Stark’s Thoughts: Dreadnought by April Daniels

Title Dreadnought
Author April Daniels
Series Nemesis #1
Genre YA, Fantasy
Format Kindle Edition
Page Length 276
Publication Date 24 Jan 2017
Publisher Diversion Books
Read Date Oct 2018
Recommended Yes

Synopsis
Danny Tozer has a problem: she just inherited the powers of Dreadnought, the world’s greatest superhero. Until Dreadnought fell out of the sky and died right in front of her, Danny was trying to keep people from finding out she’s transgender. But before he expired, Dreadnought passed his mantle to her, and those secondhand superpowers transformed Danny’s body into what she’s always thought it should be. Now there’s no hiding that she’s a girl.

It should be the happiest time of her life, but Danny’s first weeks finally living in a body that fits her are more difficult and complicated than she could have imagined. Between her father’s dangerous obsession with “curing” her girlhood, her best friend suddenly acting like he’s entitled to date her, and her fellow superheroes arguing over her place in their ranks, Danny feels like she’s in over her head.

She doesn’t have time to adjust. Dreadnought’s murderer—a cyborg named Utopia—still haunts the streets of New Port City, threatening destruction. If Danny can’t sort through the confusion of coming out, master her powers, and stop Utopia in time, humanity faces extinction.


This was fun. It has a deeply likeable main character and some really bloody fantastic supporting characters. When I grow up, I want to be Calamity. Unfortunately, I felt the plot lacked substance and fizzled out towards the end. The book does a marvellous job of identifying and exploring some of the social issues trans people can face. It’s clever and witty in parts with some refreshingly new and creative superhero abilities.


Three Words
Enjoyable | Humorous | Uninspired

Likes
– Cover love – Look at it!
– Trans rep
– Supporting characters
– First person, witty, writing style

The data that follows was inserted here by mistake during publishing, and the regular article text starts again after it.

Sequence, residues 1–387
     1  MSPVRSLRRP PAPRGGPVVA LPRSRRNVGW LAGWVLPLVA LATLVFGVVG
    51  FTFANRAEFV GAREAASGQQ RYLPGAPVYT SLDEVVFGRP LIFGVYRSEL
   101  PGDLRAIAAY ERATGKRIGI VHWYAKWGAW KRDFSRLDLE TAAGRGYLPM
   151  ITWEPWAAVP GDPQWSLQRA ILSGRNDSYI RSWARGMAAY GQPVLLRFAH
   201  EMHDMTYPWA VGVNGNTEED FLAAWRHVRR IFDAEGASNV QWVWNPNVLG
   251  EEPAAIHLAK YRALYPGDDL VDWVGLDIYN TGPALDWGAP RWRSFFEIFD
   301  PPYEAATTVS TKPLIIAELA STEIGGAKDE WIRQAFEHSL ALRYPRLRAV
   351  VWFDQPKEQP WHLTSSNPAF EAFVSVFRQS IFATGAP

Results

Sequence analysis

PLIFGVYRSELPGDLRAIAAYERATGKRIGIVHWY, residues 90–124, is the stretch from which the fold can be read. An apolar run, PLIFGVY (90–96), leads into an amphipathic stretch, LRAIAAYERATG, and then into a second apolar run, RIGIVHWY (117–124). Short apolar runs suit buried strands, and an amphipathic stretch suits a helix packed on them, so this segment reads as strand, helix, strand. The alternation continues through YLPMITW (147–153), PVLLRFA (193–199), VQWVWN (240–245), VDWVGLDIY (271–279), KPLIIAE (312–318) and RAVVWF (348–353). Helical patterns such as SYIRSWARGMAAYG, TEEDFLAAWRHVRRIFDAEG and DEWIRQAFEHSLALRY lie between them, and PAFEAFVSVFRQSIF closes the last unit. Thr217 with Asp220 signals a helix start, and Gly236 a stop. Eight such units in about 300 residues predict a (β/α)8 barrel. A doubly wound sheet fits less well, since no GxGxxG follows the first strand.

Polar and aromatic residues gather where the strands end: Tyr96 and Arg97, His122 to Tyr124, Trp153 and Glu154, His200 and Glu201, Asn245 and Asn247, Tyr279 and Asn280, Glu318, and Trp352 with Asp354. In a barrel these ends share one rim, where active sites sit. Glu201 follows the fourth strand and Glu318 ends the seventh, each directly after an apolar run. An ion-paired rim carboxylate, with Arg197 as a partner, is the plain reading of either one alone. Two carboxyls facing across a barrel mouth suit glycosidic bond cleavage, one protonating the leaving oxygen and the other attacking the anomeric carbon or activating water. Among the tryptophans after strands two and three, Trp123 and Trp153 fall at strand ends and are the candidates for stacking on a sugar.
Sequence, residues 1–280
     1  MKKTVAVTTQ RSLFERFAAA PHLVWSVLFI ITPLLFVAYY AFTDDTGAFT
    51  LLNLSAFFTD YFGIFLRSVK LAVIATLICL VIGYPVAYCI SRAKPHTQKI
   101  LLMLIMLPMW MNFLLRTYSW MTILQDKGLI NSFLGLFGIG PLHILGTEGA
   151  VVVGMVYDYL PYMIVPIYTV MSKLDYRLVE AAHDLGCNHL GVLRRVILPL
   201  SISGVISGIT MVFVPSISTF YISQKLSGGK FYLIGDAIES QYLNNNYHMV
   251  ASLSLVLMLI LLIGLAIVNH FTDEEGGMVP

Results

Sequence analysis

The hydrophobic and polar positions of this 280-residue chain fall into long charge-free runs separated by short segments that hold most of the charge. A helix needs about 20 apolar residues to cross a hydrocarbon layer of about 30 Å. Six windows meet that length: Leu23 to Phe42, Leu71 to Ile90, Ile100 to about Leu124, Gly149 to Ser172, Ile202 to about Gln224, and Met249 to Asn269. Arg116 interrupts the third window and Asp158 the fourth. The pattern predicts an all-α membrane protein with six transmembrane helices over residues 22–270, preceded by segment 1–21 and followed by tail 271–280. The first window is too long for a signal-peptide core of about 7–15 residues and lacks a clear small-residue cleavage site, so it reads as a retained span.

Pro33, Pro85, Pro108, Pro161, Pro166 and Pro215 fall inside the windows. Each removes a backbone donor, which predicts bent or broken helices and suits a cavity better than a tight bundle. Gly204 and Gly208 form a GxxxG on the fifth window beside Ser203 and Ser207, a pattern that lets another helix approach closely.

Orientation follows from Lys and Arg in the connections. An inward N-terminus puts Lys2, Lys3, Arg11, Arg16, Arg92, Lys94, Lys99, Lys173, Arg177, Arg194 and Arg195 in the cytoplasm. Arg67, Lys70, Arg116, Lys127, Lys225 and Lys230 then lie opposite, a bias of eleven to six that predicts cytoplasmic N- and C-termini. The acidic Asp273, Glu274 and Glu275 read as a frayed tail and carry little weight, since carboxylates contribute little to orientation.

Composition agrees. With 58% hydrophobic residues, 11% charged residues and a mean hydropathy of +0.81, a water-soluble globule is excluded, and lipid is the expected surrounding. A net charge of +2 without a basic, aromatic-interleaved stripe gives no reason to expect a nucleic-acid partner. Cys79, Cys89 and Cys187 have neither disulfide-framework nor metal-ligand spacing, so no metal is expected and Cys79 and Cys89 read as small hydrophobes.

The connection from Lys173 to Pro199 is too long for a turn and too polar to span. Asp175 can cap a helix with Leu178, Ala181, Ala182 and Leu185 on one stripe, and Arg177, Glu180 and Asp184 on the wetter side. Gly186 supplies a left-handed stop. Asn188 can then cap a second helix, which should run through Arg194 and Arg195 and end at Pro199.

Dislikes
– The rushed ending
– The cliche villain
– The cliche villain battles
– Some character arcs felt unfinished

Overall Thoughts

I have mixed feelings about this. I haven’t really read many superhero books. I think this is my first superhero novel, everything else I have read have been comics. I stopped reading superhero comics because I found a lot of them to be very similar and formulaic. But I wanted to read this because it’s got some great reviews on the goodreads dot com and I wanted to read more trans authors.

Danny is a wonderful main character. I instantly became invested in her and her story. She’s super awkward at times and very witty in others. She’s a thoughtful, introverted, person that regularly overthinks the morality of situations. I can see a lot of people easily relating to her.

This is a superhero origin story at its core, but Danny is trans and therefore there is a large focus on the social issues trans people face. I never felt like I was being preached to or lectured on the subject. At the start of the story Danny is a 15 year old, in her birth, male, body. When she gains her superpowers she transforms into her ideal, female, body. I was really interested in how Danny has this ongoing battle with embracing finally being in the right body, but also having to deal with shitheads that refuse to accept her gender. Particularly her emotionally abusive father. There is some really good storytelling of how even in a room of people accepting who you are, it just takes that one person to say mean things and those are the comments that cut deep and stay with you. Throughout this, we are shown that Danny’s struggles are not with her accepting who she is – she knows who she is – the struggle comes from how some other people around her struggle to accept who she is. Danny’s moral struggles come from her learning to be something she has never been – a superhero!

When Danny gets her powers and starts to go caping (superhero patrolling), there is a really interesting exploration of how easy it would be for Danny to abuse her powers. She is, by far, the most powerful person around, with super strength and super speed. But her new abilities do not change her moral stance. She has a desire to ensure she doesn’t go too far, and become a bully herself. She is catching criminals that do horrendous things, but she still treats them with an amount of respect. She recognises that these are not necessarily bad people, just people that lose their way and become desperate. They must face the consequences of their actions, but just because they are criminals, does not mean Danny, or anyone else, has carte blanche to do whatever they like with them. My hippy heart lapped this up. Picture me, lapping this up. Like a cat lapping up milk. I’m so adorbs.